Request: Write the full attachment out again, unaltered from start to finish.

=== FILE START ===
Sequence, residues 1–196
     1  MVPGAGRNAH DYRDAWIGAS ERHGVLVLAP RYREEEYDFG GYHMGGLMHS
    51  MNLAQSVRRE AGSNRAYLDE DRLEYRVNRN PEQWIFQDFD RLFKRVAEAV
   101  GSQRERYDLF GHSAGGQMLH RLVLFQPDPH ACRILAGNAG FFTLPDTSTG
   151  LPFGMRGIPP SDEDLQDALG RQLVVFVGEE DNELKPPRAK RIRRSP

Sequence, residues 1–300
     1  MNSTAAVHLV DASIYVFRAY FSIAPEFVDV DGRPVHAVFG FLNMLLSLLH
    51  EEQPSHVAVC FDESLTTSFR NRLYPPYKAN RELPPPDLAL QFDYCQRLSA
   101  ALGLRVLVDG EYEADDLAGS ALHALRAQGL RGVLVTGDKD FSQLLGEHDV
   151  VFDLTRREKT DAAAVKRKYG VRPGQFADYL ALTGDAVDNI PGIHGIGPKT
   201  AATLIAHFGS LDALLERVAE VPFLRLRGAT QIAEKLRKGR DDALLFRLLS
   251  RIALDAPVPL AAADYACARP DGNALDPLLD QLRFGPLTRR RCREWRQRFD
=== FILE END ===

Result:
Sequence, residues 1–196
     1  MVPGAGRNAH DYRDAWIGAS ERHGVLVLAP RYREEEYDFG GYHMGGLMHS
    51  MNLAQSVRRE AGSNRAYLDE DRLEYRVNRN PEQWIFQDFD RLFKRVAEAV
   101  GSQRERYDLF GHSAGGQMLH RLVLFQPDPH ACRILAGNAG FFTLPDTSTG
   151  LPFGMRGIPP SDEDLQDALG RQLVVFVGEE DNELKPPRAK RIRRSP

Sequence, residues 1–300
     1  MNSTAAVHLV DASIYVFRAY FSIAPEFVDV DGRPVHAVFG FLNMLLSLLH
    51  EEQPSHVAVC FDESLTTSFR NRLYPPYKAN RELPPPDLAL QFDYCQRLSA
   101  ALGLRVLVDG EYEADDLAGS ALHALRAQGL RGVLVTGDKD FSQLLGEHDV
   151  VFDLTRREKT DAAAVKRKYG VRPGQFADYL ALTGDAVDNI PGIHGIGPKT
   201  AATLIAHFGS LDALLERVAE VPFLRLRGAT QIAEKLRKGR DDALLFRLLS
   251  RIALDAPVPL AAADYACARP DGNALDPLLD QLRFGPLTRR RCREWRQRFD